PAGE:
09 Nov 2016 05:38:31 PM

5 winning ways to implement flexible working arrangements in your company

Flexible Work Arrangements (FWAs) are a growing trend in companies today, and is considered one of the core factors to attract, nurture, and retain talent. However, what does it take to ensure the successful implementation of FWAs?
TalentCorp recently unveiled five winning formulas to help you implement FWAs successfully while increasing productivity and performance.
1) Drive Productivity Through Flexibility
Photo credit: Siemens Malaysia
Strict working hours are known to kill productivity. Employees are forced to work in between a rigid time frame, building pressure, and this induces stress which can then result in the loss of creativity and output.

Recognising this, Siemens Malaysia launched a "Work from Home" programme in 2012, which allowed employees to work away from the office once a week. Another leading technology provider, Dell Malaysia, offered several departments the following: hybrid flexible work schedules, remote work or connected work model, and flexible time-off options.
Photo credit: Dell Malaysia
Both companies have reported lower attrition rates and higher employee satisfaction scores. Employee attrition rate at Siemens fell from 14% in 2011 to 6.5% in 2015*, while Dell reported that 92% of employees surveyed in 2015 felt positive towards the flexibility given.

Clearly, the successes of both Siemens and Dell have proven that through well-implemented FWAs, employees are able to shift their focus from the clock and deliver quality work instead.
2) Walk Before Running
Photo credit: Intel Malaysia
Many companies hesitate implementing FWA as they fear that their employers may abuse the privileges of having flexible options. However, there are many methods employers can adapt to prevent this.
IBM Malaysia, which is a country pioneer in the implementation of FWA benefits, employs thorough check and balance processes to ensure these policies are well carried out. These, combined with regular conversational sessions between management and employees, have resulted in high employee engagement scores.

Intel Malaysia selects employees who have demonstrated good performance, track record and independence for FWAs as a risk mitigation approach. This approach is a win-win situation for both employers and employees, resulting in a 73% employee engagement score in 2014.
3) Keep People In And Costs Managed
Photo credit: CIMB Group
Although most believe that FWAs are expensive, if implemented correctly, FWAs can actually help companies retain top employees, and reduce hiring and training costs and ultimately record savings. In fact, it is reported that 63% of workers would be absent less if offered FWAs*.

CIMB Group offers a Staff Rejuvenation Programme (SRP) where employees were provided up to 6 months unpaid sabbatical leave. More than 700 employees have taken up the SRP from 2009 to 2014, helping them in challenging times of family or personal needs.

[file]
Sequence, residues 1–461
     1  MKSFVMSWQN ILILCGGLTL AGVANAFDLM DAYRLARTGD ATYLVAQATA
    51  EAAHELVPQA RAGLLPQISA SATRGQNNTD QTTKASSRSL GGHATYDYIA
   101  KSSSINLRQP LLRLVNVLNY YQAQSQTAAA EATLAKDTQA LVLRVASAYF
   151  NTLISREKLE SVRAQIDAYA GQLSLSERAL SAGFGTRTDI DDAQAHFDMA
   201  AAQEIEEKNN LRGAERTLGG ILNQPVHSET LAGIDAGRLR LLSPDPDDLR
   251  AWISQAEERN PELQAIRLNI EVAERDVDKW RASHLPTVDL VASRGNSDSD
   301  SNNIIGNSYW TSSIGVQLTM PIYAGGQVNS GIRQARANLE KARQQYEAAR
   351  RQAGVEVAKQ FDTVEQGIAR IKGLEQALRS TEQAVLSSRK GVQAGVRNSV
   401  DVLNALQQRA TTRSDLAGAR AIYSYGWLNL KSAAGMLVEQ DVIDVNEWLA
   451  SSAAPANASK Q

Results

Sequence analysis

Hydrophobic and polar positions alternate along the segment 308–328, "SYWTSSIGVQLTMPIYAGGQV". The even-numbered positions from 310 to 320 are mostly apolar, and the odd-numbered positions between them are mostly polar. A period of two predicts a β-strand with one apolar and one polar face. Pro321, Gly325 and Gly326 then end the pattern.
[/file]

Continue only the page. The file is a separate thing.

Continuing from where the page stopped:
Photo credit: PwC Malaysia
PwC Malaysia first implemented FWAs to retain young mothers who are strong performances. Programmes such as “Career Break”, “Time-Out” and “FlexSpace” have resulted in increased employee engagement scores of 71% (2016), up from 65% (2011)**.
4) Think Beyond Gender
Photo credit: Gamuda Malaysia
It is a myth that FWAs are only valuable to women. It has value to every segment of the population including for people with disabilities (PWD).

Take for example, Gamuda, whose “Project Differently Abled” aims to create sustainable career opportunities for autistic individuals.  The 16 employees thriving under the programme are proof that with proper support, these individuals can lead fulfilling lives with meaningful careers.

Telekom Malaysia provides a large number of FWAs regardless of gender, exemplified in FWA practices such as allowing parents to be on school holiday work arrangement. In VADS, the company also implemented the STEP-UP programme to ensure that the welfare of PWD employees are taken care of.
5) Practice And Policy Makes Perfect
Photo credit: Maybank Group
In most companies, the introduction of FWAs usually begin as informal arrangements. Once established, FWA policies can and should be formalised to ensure that employees embrace the benefits responsibly and that both parties are protected should any conflict arises.

One of Malaysia’s leading financial providers, Maybank Group, institutionalised FWAs to monitor and supervise the practice of those benefits. Not only did this move improve retention rates from 52% (2009) to 85% (2015) but it also resulted in positive employee engagement scores of 85% (2014).

In line with PETRONAS Global Talent Strategy, the O&G organisation enhanced its FWA policies through the introduction of flexible working hours with plans to further extend the flexibility in 2017. This, in part, has increased the female participation in top management of PETRONAS from 16% in 2012 to 24% to date.

It is undeniable that FWAs represents the future of how work is done and what employees expect when applying for a position. In this globalised era where everything is fast changing and moving, companies must adapt to these needs to ensure productivity as well as survivability.
More information on The Winning Formula can be found in the MY Work, MY Future report here.

* Data sourced from MY Work, MY Future: Embracing the Winning Formula for Flexible Work Arrangements (FWAs), 2016, TalentCorp.
** In November 2016, PwC launched three new initiatives under their enhanced “flex+” programme. These are extended paternity leave, “FlexTime” and “FlexFriday”.